A popular speaker with u3a, Jeff is returning to give a new talk from his repertoire. He has over 45 years’ experience in teaching numerous subjects in secondary schools and has a keen interest in English, Drama and Humanities. He has also worked as a film extra, in film, television and adverts is a registered speaker for many cruise ship lines.
A published author, in 1984 Jeff was Assistant writer of a film “A Social and Economic History of the Railways” which won an International Award in France.
He has published novels including “Ticket to Yesterday” and “Bagels & Bacon” and has given a talk on the latter to many appreciative groups.
Tuesday 12th November 2024
Speaker Mark Davies
Talk: Artists in Wonderland: Pre-Raphaelite Adventures in Oxford
Many of the Oxford associations with the Pre-Raphaelite Brotherhood centre on Thomas Combe, Superintendent of Oxford University Press, who was an early patron of these young, aspiring artists. He also played a key role in the publication of Alice’s Adventures in Wonderland, whose author photographed Combe’s artistic protégés and their families.
Mark Davies is an Oxford local historian, author, public speaker, guide, and publisher specialising in the history of non-University Oxford, with a particular focus on the city’s waterways. Most of Mark’s early life was spent by the sea – in Hampshire, Sussex, Kent, and South Wales – but his interest in inland rather than coastal waters grew as a result of a chance decision to live on a canalboat in central Oxford in 1992, after living in Abingdon for a couple of years.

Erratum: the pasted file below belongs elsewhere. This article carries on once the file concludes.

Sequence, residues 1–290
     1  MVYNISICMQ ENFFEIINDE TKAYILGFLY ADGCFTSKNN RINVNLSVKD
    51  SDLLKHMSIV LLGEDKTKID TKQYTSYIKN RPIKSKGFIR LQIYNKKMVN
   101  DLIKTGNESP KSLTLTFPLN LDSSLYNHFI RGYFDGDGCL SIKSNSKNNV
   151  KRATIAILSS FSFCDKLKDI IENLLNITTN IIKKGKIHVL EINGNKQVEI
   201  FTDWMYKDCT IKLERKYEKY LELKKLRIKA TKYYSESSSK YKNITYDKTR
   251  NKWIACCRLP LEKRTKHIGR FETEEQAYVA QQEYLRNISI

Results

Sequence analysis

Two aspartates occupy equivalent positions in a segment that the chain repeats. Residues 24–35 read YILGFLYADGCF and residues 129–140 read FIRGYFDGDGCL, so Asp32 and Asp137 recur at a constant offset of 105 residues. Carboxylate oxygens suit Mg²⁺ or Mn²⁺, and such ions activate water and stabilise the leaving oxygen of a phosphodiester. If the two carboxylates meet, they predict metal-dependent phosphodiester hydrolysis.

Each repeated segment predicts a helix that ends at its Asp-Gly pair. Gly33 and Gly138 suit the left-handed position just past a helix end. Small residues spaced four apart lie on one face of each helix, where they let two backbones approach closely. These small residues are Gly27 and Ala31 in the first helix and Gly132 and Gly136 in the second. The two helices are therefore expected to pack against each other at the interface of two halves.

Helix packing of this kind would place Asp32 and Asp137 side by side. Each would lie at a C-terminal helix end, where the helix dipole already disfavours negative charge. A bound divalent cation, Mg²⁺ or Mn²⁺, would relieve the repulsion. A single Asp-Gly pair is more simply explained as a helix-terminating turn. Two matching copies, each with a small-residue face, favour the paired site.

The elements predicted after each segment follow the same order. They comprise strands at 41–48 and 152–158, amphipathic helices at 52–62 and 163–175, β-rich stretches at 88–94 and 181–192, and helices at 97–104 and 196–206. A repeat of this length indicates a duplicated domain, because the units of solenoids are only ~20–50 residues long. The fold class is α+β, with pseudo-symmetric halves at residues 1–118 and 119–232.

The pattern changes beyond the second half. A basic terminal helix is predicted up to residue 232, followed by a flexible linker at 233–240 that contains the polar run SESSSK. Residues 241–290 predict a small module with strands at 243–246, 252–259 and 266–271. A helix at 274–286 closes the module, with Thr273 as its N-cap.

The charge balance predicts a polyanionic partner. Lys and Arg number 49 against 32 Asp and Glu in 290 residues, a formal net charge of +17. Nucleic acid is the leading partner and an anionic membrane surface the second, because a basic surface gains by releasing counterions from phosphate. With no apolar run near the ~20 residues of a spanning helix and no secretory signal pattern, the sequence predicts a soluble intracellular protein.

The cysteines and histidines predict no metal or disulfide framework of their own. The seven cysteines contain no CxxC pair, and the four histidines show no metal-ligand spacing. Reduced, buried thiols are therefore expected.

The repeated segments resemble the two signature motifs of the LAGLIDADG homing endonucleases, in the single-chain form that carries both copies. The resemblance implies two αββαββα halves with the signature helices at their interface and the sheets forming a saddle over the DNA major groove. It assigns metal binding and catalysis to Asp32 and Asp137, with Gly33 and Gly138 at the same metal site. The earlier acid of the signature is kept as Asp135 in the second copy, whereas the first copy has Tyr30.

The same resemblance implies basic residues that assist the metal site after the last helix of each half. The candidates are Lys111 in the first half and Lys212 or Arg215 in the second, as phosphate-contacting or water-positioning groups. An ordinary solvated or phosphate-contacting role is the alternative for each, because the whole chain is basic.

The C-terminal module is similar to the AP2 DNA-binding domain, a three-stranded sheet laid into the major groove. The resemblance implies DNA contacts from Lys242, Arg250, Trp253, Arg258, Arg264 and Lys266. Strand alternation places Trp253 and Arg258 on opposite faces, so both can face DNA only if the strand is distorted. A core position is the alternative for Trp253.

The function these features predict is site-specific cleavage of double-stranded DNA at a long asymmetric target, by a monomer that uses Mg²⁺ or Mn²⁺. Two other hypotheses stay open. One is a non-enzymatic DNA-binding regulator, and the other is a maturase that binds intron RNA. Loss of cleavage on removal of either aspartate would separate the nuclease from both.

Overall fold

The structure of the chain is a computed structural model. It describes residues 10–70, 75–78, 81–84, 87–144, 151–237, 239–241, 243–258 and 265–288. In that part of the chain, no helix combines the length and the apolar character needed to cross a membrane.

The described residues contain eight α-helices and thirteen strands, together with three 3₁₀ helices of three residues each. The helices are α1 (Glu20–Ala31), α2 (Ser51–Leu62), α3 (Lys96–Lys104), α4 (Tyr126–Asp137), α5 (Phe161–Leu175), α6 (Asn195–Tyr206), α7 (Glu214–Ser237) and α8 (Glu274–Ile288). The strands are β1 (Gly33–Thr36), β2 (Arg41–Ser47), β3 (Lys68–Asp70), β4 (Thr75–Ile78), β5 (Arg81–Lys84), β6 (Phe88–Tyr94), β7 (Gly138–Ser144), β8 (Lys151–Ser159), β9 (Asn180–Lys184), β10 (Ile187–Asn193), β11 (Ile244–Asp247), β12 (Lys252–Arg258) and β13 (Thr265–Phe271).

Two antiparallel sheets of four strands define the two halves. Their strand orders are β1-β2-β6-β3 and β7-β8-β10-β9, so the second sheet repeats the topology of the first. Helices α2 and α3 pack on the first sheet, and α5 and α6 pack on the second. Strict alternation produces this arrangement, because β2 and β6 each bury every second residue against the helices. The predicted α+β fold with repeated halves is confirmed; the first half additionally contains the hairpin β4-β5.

Since then Mark has written and published seven Oxford local interest books, four of which are currently in print: A Towpath Walk in Oxford (2001/2012), Alice in Waterland (2010/2012), Alice’s Oxford on Foot (2014/18), and Stories of Oxford Castle (2005/19). In 2015 his biography of the Oxford pastry cook James Sadler (who became the unlikely first Englishman to build and ascend in an air balloon in 1784 – see ‘King of all Balloons’ page) was published by Amberley Books.